This summer we prepared a small challenge for some friends that got married. The challenge is part of some old spanish tradition that consists in over-engineering wedding presents so that the lucky couple must fight for their present in the most crazy ways: from using one cent coins, doing origami on small bank notes (some fake!), to wrapping presents using a hundred layers for some extra wedding-night fun. Just take a look yourself.
So the idea was to, as part of the challenge, hide a secret code in a racing videogame, given that the groom is a karts-geek. The code is later used to partially unlock a box secured with a couple of padlocks. The candidate was the Game Cube version of Mario Kart since using the original N64 one would have been probably very difficult and using a more modern version would not be as cool (plus it would be harder to play also, you’d need a hacked console or a powerful computer to emulate it, so GC seems like the perfect candidate). I also thought of modding the emulator so that I could do this without hacking the ROM, but that’s too platform dependant and let’s face it, not nearly as cool.
Looking around the internet I found some useful tools right away:
With these tools I could extract the ISO, and find some promising looking names such as
GM4E01/root/AwardData/English/Award2D.arc. This file contains some data related to the Award screen, which is a texture in BTI format. If we try to open it with GIMP using raw format (won’t look great tho) we can see the text of the “Congratulations” screen:
The text can be changed into something cool that contains the code we want to ship, since this screen only seems to come up once the user wins a Cup, which will be part of the challenge. According to the BTI file format wiki the file is a rather simple uncompressed texture format. Parsing the header we see that Image format is 0x2, which means IA4 format is used. That means each byte represents an intensity value (0 to 15) and a transparency value (0 to 15) encoded in each nibble. It also shows that it uses transparency (obviously) and that the dimensions are 560 (0x0230) by 64 (0x0040) pixels. Note that everything is big-endian due to PowerPC being the HW used in the GC and the Wii. Other less interesting fields in the header indicate that the image is a single image (no mipmaps) and that should be interpolated linearly, no biggie.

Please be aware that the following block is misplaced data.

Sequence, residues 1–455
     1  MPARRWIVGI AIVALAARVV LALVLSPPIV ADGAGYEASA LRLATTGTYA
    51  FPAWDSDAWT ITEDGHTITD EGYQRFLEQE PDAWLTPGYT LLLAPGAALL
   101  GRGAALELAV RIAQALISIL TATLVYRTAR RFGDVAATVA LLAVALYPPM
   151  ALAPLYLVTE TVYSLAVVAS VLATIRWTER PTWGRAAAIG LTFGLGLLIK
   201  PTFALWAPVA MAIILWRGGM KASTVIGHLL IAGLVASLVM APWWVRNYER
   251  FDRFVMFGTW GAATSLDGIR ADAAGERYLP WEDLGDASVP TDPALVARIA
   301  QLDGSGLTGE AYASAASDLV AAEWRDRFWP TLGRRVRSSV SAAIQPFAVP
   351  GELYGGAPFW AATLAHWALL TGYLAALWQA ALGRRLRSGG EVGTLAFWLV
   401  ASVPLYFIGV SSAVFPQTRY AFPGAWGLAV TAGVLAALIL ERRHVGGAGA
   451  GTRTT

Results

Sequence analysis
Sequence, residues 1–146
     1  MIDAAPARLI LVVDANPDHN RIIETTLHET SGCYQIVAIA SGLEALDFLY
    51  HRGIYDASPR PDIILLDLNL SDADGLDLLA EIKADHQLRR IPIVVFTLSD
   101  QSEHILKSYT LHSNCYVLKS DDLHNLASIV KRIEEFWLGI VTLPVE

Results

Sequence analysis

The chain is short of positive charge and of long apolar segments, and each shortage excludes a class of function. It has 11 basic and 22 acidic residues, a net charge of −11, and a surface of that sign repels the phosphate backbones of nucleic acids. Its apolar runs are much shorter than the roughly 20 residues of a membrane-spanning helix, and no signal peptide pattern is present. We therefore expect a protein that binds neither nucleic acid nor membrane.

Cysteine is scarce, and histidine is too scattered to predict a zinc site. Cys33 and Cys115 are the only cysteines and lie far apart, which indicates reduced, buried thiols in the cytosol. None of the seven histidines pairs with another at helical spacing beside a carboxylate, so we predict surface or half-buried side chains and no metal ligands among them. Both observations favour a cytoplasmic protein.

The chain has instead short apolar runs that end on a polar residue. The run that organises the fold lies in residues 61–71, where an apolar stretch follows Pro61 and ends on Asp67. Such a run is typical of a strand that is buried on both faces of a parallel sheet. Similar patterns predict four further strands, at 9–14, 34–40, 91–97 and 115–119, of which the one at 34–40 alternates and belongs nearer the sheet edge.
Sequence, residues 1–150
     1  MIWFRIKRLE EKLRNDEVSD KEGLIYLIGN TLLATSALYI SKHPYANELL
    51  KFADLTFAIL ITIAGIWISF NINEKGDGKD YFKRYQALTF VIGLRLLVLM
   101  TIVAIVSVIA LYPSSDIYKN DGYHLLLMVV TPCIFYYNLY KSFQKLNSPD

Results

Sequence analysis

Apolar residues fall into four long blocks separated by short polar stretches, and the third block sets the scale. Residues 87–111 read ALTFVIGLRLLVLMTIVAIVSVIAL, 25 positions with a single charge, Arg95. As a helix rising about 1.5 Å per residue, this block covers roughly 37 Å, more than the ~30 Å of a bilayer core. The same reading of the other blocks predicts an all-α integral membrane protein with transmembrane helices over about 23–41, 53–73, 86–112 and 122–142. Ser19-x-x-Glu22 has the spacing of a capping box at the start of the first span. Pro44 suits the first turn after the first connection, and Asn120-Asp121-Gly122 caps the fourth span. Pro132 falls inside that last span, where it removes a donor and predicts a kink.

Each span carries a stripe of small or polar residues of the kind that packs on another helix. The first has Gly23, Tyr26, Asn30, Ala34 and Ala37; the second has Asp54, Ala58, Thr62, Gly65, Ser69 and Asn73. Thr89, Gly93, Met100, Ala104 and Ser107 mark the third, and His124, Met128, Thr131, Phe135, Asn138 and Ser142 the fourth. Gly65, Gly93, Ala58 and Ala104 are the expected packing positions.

Now in order to change the image what I did was:
And it worked! Well after like 3 attempts :) If you note the wiki mentions that for IA4 format the block size is 32 bytes, resulting in 8x4 pixels per block. That’s because the texture format doesn’t store the image per-row as PNG or other formats such as BMP do, instead it outputs blocks. I didn’t read that at first, and it took me a couple of attempts to get it right. I ended up writting a decoder to test my encoder, using the game original images to test the decoder :P
The python packer is here for inspection:
from PIL import Image im = Image.open("image.png") # Pack color and alpha. # R,G,B,A -> A>>4 || ((R+G+B)/3) >> 4 out =  for color in list(im.getdata()): lum = int((color + color + color)/3) out.append((color & 0xF0) | (lum >> 4)) # Now repack the image by blocks out2 =  for r in range(0, 64, 4): for c in range(0, 560, 8): block =  for r2 in range(4): for c2 in range(8): block.append(out[(r+r2) * 560 + c+c2]) out2 += block header = [2, 2, 2, 0x30, 0, 0x40, 0, 0, 0, 0, 0, 0, 0, 0, 0, 0, 0, 0, 0, 0, 1, 1, 0, 0, 1, 0, 0, 0, 0, 0, 0, 0x20] out = bytes(header + out2) open("output.bti", "wb").write(out)
And it worked! :)
For the record, this is how it looked before I realized it was block-packed: